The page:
Working title: Swedes in Roger Williams’ Garden: Church, State and Community in Swedish Immigrant Churches, 1848-1860

Link here for earlier outlines and notes

  • HERE for Oct. 23-Jan. 24
  • HERE for Jan. 25-April 7

Overall outline:

One: Introduction — open w/ Elizabeth Eaton’s story of the “generosity, hospitality and open-mindedness of the augustana tradition” at her church in Ashtabula

  • thesis (frame as research question(s) — how does Swedish reaction to Protestant American norms — as voluntary religious associations w/ separation of church and state — point the way to the “welcoming that augustana has always  been a witness to in the greater church?” And what lessons does it have for us in “in these days when the culture says you’ve got to identify which camp you’re in and separate yourself one from another lest you be contaminated by that other person””)
  • 1850s much like out own day. Swedes were Protestant and “English” Lutherans were Americanized, so they weren’t hated, but they recoiled from conversion narrratives, Sabbath observance and revivalist “new measures.” Swedes went back to first principles, grounding their membership policy in the “unaltered Augsburg Confession,” Luther’s view of baptism and created a creolized institution in Augustana Synod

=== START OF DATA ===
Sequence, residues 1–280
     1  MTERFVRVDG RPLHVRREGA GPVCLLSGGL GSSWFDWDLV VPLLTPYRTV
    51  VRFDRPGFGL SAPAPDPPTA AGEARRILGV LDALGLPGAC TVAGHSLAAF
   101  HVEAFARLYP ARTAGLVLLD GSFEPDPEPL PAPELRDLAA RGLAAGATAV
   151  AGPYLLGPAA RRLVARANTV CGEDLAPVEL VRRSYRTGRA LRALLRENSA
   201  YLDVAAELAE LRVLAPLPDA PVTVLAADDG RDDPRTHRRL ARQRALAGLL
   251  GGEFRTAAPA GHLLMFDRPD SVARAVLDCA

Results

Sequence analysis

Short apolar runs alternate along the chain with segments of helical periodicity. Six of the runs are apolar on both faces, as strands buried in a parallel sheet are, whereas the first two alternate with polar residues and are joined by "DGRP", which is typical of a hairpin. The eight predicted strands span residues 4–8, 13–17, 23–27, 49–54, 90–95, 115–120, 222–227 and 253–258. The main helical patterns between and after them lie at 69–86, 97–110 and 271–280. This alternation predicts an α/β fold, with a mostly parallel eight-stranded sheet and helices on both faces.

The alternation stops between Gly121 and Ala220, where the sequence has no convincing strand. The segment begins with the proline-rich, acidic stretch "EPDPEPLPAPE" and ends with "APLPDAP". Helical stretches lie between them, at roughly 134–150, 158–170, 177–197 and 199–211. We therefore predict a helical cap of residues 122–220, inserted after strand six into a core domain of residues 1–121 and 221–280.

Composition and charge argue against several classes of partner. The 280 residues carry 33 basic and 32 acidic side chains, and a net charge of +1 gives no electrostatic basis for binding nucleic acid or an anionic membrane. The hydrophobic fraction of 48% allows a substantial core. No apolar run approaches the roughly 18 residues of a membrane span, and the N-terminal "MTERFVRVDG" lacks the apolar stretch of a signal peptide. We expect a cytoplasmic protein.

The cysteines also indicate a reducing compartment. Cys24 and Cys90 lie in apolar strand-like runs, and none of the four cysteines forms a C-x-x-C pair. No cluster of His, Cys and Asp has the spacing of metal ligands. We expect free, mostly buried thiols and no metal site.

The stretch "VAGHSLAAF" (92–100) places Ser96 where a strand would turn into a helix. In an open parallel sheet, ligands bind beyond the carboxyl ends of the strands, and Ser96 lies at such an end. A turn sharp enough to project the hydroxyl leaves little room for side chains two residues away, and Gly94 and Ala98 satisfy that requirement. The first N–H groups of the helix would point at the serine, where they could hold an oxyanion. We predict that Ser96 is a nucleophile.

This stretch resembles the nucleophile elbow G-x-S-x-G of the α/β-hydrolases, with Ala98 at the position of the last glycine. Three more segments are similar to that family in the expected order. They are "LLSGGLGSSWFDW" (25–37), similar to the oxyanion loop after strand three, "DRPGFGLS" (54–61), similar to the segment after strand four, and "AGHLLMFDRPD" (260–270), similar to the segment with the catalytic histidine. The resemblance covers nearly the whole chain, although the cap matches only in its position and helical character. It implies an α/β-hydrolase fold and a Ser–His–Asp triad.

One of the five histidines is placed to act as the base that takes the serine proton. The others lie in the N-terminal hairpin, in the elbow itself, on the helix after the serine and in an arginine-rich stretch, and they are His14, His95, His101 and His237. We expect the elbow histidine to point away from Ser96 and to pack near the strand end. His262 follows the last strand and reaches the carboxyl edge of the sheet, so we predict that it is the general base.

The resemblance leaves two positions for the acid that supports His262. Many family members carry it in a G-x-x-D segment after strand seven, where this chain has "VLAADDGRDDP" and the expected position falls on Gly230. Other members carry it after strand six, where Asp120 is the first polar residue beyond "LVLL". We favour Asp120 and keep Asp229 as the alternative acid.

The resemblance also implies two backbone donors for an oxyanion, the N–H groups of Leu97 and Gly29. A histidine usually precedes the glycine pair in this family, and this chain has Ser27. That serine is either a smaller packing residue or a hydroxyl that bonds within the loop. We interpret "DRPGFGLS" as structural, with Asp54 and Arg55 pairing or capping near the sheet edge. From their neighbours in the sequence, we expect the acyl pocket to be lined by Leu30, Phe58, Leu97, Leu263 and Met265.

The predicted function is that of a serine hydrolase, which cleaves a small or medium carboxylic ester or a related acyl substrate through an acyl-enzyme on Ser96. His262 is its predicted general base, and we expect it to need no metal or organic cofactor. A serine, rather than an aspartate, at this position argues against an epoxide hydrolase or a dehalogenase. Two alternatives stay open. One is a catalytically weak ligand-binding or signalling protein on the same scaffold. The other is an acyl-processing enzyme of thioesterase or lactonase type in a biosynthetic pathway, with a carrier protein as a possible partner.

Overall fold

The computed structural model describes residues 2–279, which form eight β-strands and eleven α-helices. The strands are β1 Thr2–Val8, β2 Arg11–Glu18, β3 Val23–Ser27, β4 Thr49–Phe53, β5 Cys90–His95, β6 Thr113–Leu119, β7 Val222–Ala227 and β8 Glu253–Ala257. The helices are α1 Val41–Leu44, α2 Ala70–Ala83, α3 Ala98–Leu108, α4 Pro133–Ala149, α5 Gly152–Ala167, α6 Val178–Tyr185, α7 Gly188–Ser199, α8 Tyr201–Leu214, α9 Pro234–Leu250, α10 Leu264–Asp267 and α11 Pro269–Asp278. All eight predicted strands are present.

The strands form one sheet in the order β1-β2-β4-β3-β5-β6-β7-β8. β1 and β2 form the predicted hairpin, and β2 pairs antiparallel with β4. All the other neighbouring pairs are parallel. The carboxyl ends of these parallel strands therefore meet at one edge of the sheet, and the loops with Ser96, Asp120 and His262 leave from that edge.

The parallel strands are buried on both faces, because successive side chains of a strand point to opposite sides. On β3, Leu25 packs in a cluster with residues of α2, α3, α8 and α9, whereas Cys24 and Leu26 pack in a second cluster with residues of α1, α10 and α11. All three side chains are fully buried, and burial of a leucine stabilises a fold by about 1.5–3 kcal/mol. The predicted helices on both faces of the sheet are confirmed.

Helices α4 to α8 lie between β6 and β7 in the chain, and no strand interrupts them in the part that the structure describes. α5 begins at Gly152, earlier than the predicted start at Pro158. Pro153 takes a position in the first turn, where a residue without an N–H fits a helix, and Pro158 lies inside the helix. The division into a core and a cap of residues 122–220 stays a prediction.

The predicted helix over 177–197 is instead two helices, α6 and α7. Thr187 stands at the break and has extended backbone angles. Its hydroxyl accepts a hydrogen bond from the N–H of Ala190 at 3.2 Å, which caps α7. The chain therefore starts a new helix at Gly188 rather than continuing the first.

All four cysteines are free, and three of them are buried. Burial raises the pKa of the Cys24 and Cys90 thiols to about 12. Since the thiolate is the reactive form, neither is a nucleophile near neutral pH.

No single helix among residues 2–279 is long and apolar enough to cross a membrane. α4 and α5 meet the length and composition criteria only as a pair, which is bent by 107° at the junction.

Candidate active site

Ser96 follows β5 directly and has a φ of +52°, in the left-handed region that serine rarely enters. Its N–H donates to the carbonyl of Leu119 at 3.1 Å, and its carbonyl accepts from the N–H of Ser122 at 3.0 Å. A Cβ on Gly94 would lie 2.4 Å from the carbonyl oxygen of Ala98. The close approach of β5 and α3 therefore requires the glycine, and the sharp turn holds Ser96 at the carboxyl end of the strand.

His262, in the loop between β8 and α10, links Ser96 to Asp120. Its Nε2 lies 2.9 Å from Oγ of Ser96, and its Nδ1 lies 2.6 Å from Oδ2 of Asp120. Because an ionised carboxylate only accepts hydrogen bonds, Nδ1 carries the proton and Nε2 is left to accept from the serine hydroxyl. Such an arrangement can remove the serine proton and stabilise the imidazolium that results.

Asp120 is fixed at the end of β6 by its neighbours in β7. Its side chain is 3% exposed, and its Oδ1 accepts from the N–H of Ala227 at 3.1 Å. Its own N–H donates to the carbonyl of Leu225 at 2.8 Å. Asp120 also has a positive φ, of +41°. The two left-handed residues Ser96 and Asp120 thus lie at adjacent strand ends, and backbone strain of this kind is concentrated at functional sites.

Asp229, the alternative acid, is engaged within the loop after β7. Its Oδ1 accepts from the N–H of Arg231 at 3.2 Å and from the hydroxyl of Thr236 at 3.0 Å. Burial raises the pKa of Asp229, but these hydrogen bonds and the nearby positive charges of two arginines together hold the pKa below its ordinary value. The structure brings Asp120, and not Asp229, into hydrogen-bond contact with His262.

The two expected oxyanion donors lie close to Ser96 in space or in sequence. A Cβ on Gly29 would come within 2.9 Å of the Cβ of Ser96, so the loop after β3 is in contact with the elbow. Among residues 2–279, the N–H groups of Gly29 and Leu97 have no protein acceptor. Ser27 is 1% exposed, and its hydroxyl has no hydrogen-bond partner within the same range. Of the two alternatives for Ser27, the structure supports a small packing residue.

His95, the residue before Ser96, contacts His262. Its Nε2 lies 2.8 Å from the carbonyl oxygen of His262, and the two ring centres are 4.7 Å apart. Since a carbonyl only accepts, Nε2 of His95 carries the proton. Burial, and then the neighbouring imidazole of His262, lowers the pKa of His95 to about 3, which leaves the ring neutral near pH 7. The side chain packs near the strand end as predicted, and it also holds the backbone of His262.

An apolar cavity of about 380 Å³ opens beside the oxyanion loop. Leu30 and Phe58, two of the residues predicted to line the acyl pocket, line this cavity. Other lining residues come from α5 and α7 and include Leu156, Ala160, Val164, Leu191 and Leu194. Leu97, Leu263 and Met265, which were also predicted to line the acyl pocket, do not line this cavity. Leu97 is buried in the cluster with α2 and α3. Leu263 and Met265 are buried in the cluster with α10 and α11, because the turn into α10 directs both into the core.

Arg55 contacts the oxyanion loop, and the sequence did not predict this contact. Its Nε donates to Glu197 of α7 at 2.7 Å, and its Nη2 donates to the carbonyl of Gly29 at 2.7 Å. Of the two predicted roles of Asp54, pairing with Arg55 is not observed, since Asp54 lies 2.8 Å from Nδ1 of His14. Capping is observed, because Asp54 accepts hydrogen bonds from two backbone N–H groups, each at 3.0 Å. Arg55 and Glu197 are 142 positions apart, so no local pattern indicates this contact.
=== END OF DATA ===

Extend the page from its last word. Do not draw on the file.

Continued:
• Roger Williams  was a separatist, founded first Baptist church in British North America — but retreated beyond organized religion entirely — perhaps a forerunner of today’s “none’s.” BUT Williams’ concept of “soul libertie” and his relations with the Indians might offer a counter-narrative. Whatever else you can say about it, and however much it failed to meet 21st-century standards, Rhode Island was a forerunner of a religiously and culturally diverse polity — a polar opposite to John Winthrop’s “citty on a hill,” even though they were both grounded in Calvinism. (But with pirates and Long Dick Chasmore!) RW’s Rhode Island as a type [?] of multicultural society.
  • Creolization and acculturation — I think I have an outline here from the doctor’s office — FIND THAT AND ADD: Swedes tried to “Americanize” too fast, at the behest of AHMS and later as they came in conflict with “English” Lutherans at seminary in Springfield; retreated into Svensk-Amerika — other ethnic groups formed creolized subcultures — in the end all of these groups would blend into a post-creole continuum not unlike RW’s Rhode Island
  • We’re talking about metaphors here — creolization is a metaphor, RW’s garden is a metaphor, Winthrop’s “citty on a hill” is a metaphor. Even the Hansen thesis is less a thesis than a particular type of metaphor — i.e. a synecdoche. What Ulf Hannerz said about metaphors.Salman Rushdie’s metaphorical flight may be the aspirational touchstone here — once said his writing “rejoices in mongrelization and fears the absolutism of the Pure. Mélange, hotchpotch, a bit of this and a bit of that is how newness enters the world.”